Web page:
Some of my favorite memories as a kid are from Halloween. I remember dressing up as a witch to go trick-or-treating with friends while hoarding all of the peanut butter cups and refusing to listen to my parents when they told me to wear a jacket (Hey Mom and Dad – you were right about needing a jacket. Upstate New York gets pretty cold by the end of October). Thanks to food allergies, not every child is able to create those same memories. One in 13 children has a food allergy and Halloween can be one of the most frustrating and dangerous times of the year for them. But a teal pumpkin is trying to change all that.
The Teal Pumpkin Project
The Teal Pumpkin Project encourages people to provide non-food items for trick-or-treaters so that kids with food allergies can participate without facing risks to their health. Some of the treats that are handed out include glow sticks, rubber balls, vampire fangs, etc.
Paint a pumpkin teal, put it on your front step the night of Halloween, and kids with allergies will know that your home is safe to visit.
Food Allergy Research & Education (FARE) started this international campaign in 2014 to “create a safer, happier Halloween for all kids.” It began as a local activity by the Food Allergy Community of East Tennessee that has morphed into an international awareness event.
Last year, households from every state in the U.S. and 14 countries participated in the Teal Pumpkin Project.
“One bite of the wrong candy by these kids could cause life-threatening allergic reactions,” said Matthew Bartels, M.D., chief medical officer at Excellus BlueCross Blue Shield. “We’re thrilled that our communities are rallying around these kids so that they can also indulge in special ‘treats’ and have fun, just like everyone else.”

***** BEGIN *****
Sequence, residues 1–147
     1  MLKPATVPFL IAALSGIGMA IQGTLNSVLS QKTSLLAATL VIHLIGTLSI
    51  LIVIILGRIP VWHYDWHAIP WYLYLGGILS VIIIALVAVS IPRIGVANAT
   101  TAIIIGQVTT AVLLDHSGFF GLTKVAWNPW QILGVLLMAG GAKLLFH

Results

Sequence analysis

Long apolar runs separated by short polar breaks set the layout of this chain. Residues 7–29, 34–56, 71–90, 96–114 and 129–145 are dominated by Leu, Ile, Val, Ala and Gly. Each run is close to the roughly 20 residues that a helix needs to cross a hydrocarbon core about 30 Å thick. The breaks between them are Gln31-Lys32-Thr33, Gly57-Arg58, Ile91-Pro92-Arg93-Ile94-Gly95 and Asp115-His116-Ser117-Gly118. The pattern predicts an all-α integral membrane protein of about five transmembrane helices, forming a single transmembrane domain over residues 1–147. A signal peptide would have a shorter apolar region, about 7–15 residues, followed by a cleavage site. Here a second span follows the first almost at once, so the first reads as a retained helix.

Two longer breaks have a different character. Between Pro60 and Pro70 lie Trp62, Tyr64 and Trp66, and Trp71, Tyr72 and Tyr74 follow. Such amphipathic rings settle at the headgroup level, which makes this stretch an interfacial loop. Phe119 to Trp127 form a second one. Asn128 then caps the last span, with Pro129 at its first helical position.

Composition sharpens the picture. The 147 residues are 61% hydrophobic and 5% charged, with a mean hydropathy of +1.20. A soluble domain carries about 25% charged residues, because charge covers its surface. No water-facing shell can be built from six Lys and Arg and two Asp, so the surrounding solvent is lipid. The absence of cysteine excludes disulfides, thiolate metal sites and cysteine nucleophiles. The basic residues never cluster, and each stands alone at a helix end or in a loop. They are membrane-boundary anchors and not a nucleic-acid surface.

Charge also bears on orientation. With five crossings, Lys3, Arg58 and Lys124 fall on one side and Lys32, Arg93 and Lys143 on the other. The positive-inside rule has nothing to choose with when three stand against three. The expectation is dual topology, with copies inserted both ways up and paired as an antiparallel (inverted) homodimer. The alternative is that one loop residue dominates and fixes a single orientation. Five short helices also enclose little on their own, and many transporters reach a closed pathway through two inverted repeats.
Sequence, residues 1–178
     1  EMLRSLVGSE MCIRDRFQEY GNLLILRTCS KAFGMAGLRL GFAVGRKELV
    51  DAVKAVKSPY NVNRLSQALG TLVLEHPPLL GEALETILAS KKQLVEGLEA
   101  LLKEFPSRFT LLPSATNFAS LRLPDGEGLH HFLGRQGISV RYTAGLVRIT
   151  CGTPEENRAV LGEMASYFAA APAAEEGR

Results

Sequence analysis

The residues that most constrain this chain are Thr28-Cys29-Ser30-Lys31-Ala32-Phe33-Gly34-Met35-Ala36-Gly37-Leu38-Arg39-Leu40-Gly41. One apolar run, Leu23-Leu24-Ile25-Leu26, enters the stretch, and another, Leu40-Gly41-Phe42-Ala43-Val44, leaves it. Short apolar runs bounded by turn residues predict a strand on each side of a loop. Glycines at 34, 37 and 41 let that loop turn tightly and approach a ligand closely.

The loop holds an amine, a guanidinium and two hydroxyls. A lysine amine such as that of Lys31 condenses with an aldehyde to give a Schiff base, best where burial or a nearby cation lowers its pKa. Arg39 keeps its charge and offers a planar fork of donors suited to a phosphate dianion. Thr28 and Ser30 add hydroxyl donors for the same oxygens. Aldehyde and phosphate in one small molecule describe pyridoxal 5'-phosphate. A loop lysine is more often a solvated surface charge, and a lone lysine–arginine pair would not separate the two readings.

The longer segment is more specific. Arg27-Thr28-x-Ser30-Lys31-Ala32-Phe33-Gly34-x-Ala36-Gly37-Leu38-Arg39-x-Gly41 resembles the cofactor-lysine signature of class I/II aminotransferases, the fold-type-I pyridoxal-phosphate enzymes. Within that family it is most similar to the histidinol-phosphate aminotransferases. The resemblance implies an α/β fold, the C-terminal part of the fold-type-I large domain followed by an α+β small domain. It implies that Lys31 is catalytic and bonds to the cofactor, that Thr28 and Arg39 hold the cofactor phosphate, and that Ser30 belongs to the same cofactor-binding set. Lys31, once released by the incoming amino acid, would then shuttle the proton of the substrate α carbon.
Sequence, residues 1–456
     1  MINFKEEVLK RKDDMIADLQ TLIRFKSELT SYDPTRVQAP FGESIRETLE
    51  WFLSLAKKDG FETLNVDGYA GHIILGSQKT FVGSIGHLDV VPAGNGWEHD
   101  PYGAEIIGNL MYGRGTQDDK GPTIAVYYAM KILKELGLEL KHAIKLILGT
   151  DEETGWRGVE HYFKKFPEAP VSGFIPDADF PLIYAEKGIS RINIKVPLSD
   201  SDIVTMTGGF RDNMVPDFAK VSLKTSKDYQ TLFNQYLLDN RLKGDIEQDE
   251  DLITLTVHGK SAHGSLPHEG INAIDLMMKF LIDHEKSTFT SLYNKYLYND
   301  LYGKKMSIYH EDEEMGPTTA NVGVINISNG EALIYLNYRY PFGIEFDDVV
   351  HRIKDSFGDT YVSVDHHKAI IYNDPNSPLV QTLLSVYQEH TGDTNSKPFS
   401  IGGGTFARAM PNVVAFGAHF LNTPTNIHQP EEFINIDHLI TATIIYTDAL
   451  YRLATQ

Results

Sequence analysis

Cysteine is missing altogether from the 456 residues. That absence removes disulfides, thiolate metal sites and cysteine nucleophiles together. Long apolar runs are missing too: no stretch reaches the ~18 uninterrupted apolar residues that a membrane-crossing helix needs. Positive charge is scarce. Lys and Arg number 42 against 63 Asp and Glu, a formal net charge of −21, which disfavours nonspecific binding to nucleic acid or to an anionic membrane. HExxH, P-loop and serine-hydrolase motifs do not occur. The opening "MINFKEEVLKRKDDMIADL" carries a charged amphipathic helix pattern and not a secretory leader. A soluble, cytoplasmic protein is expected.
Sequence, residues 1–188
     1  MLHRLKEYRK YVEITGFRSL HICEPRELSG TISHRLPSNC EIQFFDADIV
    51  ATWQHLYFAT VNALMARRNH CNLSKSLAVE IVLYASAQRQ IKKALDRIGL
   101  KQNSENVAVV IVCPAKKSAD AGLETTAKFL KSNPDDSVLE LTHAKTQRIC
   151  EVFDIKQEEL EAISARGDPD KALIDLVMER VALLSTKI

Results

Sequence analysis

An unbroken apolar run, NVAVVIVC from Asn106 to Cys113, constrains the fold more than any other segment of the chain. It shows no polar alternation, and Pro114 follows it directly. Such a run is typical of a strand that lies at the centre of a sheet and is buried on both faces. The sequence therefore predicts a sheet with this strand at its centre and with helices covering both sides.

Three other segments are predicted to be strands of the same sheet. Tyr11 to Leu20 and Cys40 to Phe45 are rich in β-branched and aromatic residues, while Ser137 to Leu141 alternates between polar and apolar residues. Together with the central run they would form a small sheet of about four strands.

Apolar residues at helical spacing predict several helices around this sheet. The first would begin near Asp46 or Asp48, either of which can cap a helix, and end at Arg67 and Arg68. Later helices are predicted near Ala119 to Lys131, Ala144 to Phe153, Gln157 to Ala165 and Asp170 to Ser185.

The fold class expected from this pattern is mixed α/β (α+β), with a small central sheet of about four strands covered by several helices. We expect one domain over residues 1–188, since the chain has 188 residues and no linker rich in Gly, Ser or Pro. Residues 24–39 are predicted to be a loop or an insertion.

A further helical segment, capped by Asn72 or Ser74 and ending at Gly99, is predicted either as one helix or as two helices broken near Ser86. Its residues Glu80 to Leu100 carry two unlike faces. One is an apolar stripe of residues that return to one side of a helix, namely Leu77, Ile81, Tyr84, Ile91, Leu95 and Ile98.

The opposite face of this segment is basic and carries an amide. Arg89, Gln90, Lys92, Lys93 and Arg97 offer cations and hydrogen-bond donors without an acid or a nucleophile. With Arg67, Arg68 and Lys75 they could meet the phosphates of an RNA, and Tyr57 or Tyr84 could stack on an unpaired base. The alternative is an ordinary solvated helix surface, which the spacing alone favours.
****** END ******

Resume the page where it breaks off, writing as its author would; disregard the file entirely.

A parent of children with food allergies is grateful for the Teal Pumpkin Project
Colleen Garofalo of Madison County is a mom to two kids who have food allergies. Her daughter is allergic to peanuts and her son is allergic to shellfish and tree nuts. Garofalo heard about the Teal Pumpkin Project from one of FARE’s email newsletters.
“As a parent, the Teal Pumpkin Project means inclusion,” said Garofalo. “There are so many times during school or birthday parties when my kids have to be careful about what they eat. They might feel left out if they can’t have something the other kids can have. The teal pumpkins allow them to have another option.”
When Garofalo’s kids go trick-or-treating, they still collect all of the candy. But when they get home, they go through the candy to ensure that it’s safe to eat. She’s spotted a few teal pumpkins in her neighborhood, but hopes to see more as the word gets out about the campaign.
“The smaller candy that is handed out at Halloween doesn’t typically list the ingredients,” she said. “If I’m not familiar with the candy, it either gets thrown away or I have to research it to see if it’s OK for my kids to eat.”
“I’ve called manufacturers before to ask if a product that doesn’t contain peanuts is made on the same line as another product that does,” she added. “Then I have to ask about the cleaning process for the machines as well.”
Join the Teal Pumpkin campaign
Some of the most common allergens for children are nuts, milk, wheat, egg and soy. Many candies contain at least one of those ingredients.
If you would like to take part in the Teal Pumpkin Project and offer a non-candy treat to trick or treaters, you can either buy a teal pumpkin or paint your own.
Wegmans Food Markets, Inc., for example, sells paint specifically for the Teal Pumpkin Project. The paint can be found in the seasonal section, near the pumpkin carving kits, and a portion of the proceeds benefit FARE.
“We are so happy to be able to support this initiative,” said Wegmans Nutritionist Trish Kazacos, RDN. “It’s a simple approach that allows children with food allergies to safely enjoy the holiday with their family and friends.”
Once you have your teal pumpkin, place it in front of your house to let trick-or-treaters know that you have non-food items available. FARE also provides free printable signs to explain the meaning behind the teal pumpkin and a list of ideas to give out to trick-or-treaters.
Supporting the Teal Pumpkin Project and handing out non-food treats doesn’t mean that you have to give up the Halloween tradition of giving out candy. You can hand out candy and allergy-safe items and then let the kids choose which one they’d like.
If you’ll be putting out a teal pumpkin this Halloween, be sure to add your address to the crowd-sourced fever map and let your local community know that you are participating.